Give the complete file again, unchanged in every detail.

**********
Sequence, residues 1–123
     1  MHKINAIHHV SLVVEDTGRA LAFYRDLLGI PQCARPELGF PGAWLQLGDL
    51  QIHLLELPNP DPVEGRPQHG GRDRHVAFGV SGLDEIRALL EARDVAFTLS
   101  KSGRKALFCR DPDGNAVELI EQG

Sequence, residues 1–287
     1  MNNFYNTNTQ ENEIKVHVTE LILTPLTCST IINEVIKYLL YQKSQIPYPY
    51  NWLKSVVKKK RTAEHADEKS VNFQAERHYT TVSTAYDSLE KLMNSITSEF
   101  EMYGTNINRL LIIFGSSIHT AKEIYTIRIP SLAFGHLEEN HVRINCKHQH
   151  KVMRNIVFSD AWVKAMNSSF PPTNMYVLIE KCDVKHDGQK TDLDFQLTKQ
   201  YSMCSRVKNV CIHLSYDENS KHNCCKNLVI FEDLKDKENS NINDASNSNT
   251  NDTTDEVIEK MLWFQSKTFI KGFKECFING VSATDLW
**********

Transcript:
Sequence, residues 1–123
     1  MHKINAIHHV SLVVEDTGRA LAFYRDLLGI PQCARPELGF PGAWLQLGDL
    51  QIHLLELPNP DPVEGRPQHG GRDRHVAFGV SGLDEIRALL EARDVAFTLS
   101  KSGRKALFCR DPDGNAVELI EQG

Sequence, residues 1–287
     1  MNNFYNTNTQ ENEIKVHVTE LILTPLTCST IINEVIKYLL YQKSQIPYPY
    51  NWLKSVVKKK RTAEHADEKS VNFQAERHYT TVSTAYDSLE KLMNSITSEF
   101  EMYGTNINRL LIIFGSSIHT AKEIYTIRIP SLAFGHLEEN HVRINCKHQH
   151  KVMRNIVFSD AWVKAMNSSF PPTNMYVLIE KCDVKHDGQK TDLDFQLTKQ
   201  YSMCSRVKNV CIHLSYDENS KHNCCKNLVI FEDLKDKENS NINDASNSNT
   251  NDTTDEVIEK MLWFQSKTFI KGFKECFING VSATDLW